The term “prodrug” refers to a compound that is made more active in vivo. Certain compounds disclosed herein may also exist as prodrugs. Prodrugs of the compounds described herein are structurally modified forms of the compound that readily undergo chemical changes under physiological conditions to provide the compound. Additionally, prodrugs can be converted to the compound by chemical or biochemical methods in an ex vivo environment. For example, prodrugs can be slowly converted to a compound when placed in a transdermal patch reservoir with a suitable enzyme or chemical reagent. Prodrugs are often useful because, in some situations, they may be easier to administer than the compound, or parent drug. They may, for instance, be bioavailable by oral administration whereas the parent drug is not. The prodrug may also have improved solubility in pharmaceutical compositions over the parent drug. A wide variety of prodrug derivatives are known in the art, such as those that rely on hydrolytic cleavage or oxidative activation of the prodrug. An example, without limitation, of a prodrug would be a compound which is administered as an ester (the “prodrug”), but then is metabolically hydrolyzed to the carboxylic acid, the active entity. Additional examples include peptidyl derivatives of a compound.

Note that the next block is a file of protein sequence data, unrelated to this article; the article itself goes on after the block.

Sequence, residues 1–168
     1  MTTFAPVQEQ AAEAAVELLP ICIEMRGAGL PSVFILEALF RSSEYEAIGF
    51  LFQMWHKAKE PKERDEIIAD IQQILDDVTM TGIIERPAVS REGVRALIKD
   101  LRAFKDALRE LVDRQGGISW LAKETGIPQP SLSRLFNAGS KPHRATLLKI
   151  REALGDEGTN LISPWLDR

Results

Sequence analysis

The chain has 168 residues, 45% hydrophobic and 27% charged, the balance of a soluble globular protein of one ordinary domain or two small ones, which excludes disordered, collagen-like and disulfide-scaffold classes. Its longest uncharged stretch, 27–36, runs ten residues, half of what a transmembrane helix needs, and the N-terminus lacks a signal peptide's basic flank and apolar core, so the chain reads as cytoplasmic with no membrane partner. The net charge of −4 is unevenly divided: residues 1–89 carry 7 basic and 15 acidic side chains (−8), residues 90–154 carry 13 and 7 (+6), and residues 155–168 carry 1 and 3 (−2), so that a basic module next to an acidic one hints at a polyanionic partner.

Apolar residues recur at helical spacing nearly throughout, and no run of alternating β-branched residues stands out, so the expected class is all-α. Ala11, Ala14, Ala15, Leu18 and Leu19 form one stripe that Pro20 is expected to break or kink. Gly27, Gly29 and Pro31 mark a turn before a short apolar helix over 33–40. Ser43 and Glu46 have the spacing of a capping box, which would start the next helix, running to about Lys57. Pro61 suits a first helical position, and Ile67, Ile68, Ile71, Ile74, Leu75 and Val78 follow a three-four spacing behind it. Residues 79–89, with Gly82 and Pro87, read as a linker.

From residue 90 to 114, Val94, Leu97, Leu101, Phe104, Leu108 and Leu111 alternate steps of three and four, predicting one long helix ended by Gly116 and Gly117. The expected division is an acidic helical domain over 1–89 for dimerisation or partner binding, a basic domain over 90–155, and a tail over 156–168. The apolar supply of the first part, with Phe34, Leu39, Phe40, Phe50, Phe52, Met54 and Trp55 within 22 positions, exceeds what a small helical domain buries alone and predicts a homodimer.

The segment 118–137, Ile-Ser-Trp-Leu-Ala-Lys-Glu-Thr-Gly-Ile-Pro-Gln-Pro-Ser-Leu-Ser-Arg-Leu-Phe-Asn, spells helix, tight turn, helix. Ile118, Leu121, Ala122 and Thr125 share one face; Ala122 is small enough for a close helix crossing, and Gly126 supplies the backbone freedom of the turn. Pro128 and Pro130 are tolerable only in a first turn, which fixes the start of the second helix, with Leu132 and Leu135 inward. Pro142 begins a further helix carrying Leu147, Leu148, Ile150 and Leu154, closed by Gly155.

The compounds disclosed herein can exist as therapeutically acceptable salts. The present disclosure includes compounds listed above in the form of salts, including acid addition salts. Suitable salts include those formed with both organic and inorganic acids. Such acid addition salts will normally be pharmaceutically acceptable. However, salts of non-pharmaceutically acceptable salts may be of utility in the preparation and purification of the compound in question. Basic addition salts may also be formed and be pharmaceutically acceptable.